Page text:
I bite back words, but Edwin lets out a whine of fear at whatever he sees on my face for a moment. “I did no such things,” I say, and one of my gifts is to speak truths that cannot be ignored. “The town was destroyed by others: I tried to save it, and I mostly failed. Why did you call me here, Edwin Sandleberg, if you feared me so greatly?”

“I want to be a magician,” he gets out, shame and desire warring across his face. He wants to clean up the puddle, is terrified I might vanish if he leaves his weak protections.

“To what end?”

“This is –. I don’t have –. I want power,” he says under the force of my gaze.

“Many people do. Most who desire it seldom use it wisely,” I say, but the words don’t reach him at all. He’s heard stories, often terrible ones, and is convinced that they are true. I try not be noticed in my wandering, but I am not always successful – and it is the terrible things I sometimes have to do that get remembered, rather than why I do them or the good I do more quietly.

“But I called you and –.”

“No one has tried to make me a religion before.” I smile tightly, and he scrambles back out of the circle without thinking. “You will end this,” I say, threading power into the words.

There are wards under the ones he made. He straightens, screams a word of Power, and looks baffled when nothing happens at all. He still looks so young and needy, but there is naked hunger on his face that he thinks was hidden before now. “Your power is mine! I created this as a duel, and your voice means I gain your power,” he says, and laughs. The laugh is shrill and wild, though clearly practised.

“Duels don’t work like that,” I say, “but since you asked.” I reach out with the magic, binding his senses into mine before he can even try to resist. I am quite good at bindings, and knowing Jay has made me even better. For a moment, he sees himself as clearly as I do, sees the patterns of the world, the shapes of dreaming that bind the universe together, and then he is on his knees and crying as I let go.

“There is a magician in Denver less than an hour away,” I say, knowing he hears my voice. “You have never heard of them because people don’t hear about us if we do our jobs properly. Magicians are many things, but we are not gods and our power cannot be taken from us by children seeking what they have not earned. Go to Denver and seek out the magician there if you wish to learn.”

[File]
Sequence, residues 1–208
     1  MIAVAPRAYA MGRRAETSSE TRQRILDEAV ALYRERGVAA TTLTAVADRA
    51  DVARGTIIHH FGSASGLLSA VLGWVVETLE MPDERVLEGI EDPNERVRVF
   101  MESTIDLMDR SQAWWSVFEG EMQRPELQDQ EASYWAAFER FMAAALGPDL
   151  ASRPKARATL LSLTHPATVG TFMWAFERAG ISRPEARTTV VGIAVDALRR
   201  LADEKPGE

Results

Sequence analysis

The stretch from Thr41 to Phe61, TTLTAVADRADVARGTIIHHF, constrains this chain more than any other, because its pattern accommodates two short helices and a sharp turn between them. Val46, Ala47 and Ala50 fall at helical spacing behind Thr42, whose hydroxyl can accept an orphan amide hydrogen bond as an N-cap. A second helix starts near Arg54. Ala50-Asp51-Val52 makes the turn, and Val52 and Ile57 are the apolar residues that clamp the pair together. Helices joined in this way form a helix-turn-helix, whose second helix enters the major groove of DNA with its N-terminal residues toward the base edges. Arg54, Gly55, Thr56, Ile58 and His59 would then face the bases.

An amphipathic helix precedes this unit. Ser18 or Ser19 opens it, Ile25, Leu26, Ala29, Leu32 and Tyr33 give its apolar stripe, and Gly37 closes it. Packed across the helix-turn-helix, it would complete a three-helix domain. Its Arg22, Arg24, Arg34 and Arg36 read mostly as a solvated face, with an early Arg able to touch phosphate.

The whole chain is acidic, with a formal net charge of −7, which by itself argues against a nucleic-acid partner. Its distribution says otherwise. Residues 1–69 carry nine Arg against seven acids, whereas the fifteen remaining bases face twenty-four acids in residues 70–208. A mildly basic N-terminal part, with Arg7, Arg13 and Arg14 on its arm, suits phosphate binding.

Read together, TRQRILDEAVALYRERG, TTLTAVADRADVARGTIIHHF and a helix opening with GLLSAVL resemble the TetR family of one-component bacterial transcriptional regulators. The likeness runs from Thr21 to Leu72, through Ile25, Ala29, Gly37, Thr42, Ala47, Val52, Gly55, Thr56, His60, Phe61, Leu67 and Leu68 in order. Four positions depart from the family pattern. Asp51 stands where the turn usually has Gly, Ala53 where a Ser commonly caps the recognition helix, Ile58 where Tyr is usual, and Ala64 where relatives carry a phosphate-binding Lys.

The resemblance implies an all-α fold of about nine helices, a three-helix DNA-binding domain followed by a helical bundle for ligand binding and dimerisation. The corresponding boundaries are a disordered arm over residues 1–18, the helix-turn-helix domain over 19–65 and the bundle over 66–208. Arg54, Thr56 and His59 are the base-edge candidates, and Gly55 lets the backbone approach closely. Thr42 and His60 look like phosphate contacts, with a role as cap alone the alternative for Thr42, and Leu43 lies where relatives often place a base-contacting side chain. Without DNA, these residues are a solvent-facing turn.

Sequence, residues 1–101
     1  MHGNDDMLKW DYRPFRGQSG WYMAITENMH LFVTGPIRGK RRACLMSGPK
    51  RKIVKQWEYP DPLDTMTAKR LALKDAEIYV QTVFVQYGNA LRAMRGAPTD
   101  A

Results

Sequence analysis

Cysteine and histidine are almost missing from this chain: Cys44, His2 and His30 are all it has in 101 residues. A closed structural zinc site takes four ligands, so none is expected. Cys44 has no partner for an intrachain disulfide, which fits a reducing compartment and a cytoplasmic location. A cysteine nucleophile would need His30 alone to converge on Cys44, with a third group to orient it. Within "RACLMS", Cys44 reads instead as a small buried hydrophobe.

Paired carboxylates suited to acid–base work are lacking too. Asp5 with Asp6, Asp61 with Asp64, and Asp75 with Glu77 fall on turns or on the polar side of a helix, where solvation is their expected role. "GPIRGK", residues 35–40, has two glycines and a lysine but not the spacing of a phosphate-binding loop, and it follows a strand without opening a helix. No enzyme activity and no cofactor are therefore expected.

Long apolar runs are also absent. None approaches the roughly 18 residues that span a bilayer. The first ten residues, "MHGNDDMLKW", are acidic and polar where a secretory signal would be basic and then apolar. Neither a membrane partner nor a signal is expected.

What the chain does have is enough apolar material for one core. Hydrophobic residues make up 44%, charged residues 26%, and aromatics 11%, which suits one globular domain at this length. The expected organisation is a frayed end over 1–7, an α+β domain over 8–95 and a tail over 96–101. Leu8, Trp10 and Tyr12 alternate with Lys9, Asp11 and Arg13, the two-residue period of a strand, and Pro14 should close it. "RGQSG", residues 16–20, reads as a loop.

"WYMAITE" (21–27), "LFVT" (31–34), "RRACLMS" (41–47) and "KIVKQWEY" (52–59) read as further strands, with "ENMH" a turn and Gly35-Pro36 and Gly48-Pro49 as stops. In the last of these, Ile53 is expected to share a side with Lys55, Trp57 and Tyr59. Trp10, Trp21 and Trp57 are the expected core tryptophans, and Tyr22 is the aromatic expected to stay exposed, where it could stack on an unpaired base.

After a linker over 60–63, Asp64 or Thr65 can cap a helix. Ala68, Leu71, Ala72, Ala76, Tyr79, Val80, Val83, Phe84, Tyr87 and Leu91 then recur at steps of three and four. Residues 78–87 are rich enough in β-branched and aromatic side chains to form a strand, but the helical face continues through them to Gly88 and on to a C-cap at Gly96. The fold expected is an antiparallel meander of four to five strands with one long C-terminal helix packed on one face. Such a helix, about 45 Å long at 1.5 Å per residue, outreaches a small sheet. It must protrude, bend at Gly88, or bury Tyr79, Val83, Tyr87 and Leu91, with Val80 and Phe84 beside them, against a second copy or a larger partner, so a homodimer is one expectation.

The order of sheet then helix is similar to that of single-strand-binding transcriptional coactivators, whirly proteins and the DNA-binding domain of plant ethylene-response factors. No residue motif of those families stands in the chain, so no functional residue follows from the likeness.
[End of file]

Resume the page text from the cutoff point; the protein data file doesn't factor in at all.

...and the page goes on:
He says nothing, shaking all over. Seeing the world as magicians do has stripped him of some of his lust for power for its own sake, if only for a time. I turn and walk away, leaving behind bindings on him that ensure he won’t be able to attempt this again. It seems I might have to have a talk to the Internet soon, and see about getting rid of information about me.

I wonder how many other magicians have been confused with being a god, but I doubt it’s something they’d talk about or admit to. And there is power in that, if one wished to grasp it. Power that could be used for many ends. Magicians don’t deal with gods, as a general rule. God-eaters do, and gods deal with each other: it’s not a true rule, more a division of some and resources. One I may need to consider breaking in the near future.  

Saturday, January 02, 2016

My Date With Jay

“A date.” The sky would rumble, if a sky existed in a place half-built beyond the walls of dreaming. The ocean’s darkness casts shadows upon a terror.

The servant burbled nervously. “The god-eater was very specific.”

“I am no god.”

“You are not outside her power, O Great One.” The voice is terrified in its wisdom. “It will allow access to earth, in a – a suitable human form. You must do this every so often, or the – the gate will be too narrow. The stories keep it wide; this could add to them?”

There is a rumble; it is not laughter. Nothing so small, nor so sane. “Consider me interested. You will explain what a date is.”

“Oh,” the voice says, even smaller than before. “Oh, dear.”


A story to add to my legend. There will be suffering for this that will be legendary even among my own kind. I sit at the table, plastic seat under me, and I wait. The restaurant is large, specializing in quick meals with few questions asked about content. I have learned much in my moments of waiting, but I have not spread my influence far – this body is small, and I do not know stresses it can endure.

And there is a magician near. Not close, but near enough. I examine my body again. Human, male. Young, as humans reckon years. My skin is dark, and I attract some stares and wary looks even though I do nothing; have humans come to so little that they fear this alone, knowing nothing of Me?

The boy who comes in moves almost shyly, staring at a phone before walking over and standing beside the table. “Hi. I’m Jay!”

“I am... Tulu. I believe we are to have a date?”

“I guess? I’ve never done one: are they hard?” he asks as he plops down into the seat across from me.

“I have not had one either; they are – not something I do.”

“Oh! I’m only eleven – which is old for a Jay – and I figured I’d learn lots about it later. I know humans kiss, which is like hugging but not!”

I blink. “I believe that is true, yes.”

“Also,” he says, flinging the word out the way some do invocations to their gods, “you’re male too, right? I get that confused about humans sometimes because they’re pretty weirdy!”

“You are not human?” I say it carefully, extending my senses. I am far beyond anything humans know, but he seems entirely human to all my senses.